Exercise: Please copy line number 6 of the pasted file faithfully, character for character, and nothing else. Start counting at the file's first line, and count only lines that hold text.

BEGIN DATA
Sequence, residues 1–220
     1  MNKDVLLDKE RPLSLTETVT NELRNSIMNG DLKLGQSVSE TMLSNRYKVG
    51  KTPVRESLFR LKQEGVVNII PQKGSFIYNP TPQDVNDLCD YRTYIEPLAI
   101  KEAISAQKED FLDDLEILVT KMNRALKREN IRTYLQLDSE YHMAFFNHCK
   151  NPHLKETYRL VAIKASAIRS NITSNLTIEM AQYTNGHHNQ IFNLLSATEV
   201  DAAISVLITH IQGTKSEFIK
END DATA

   201  DAAISVLITH IQGTKSEFIK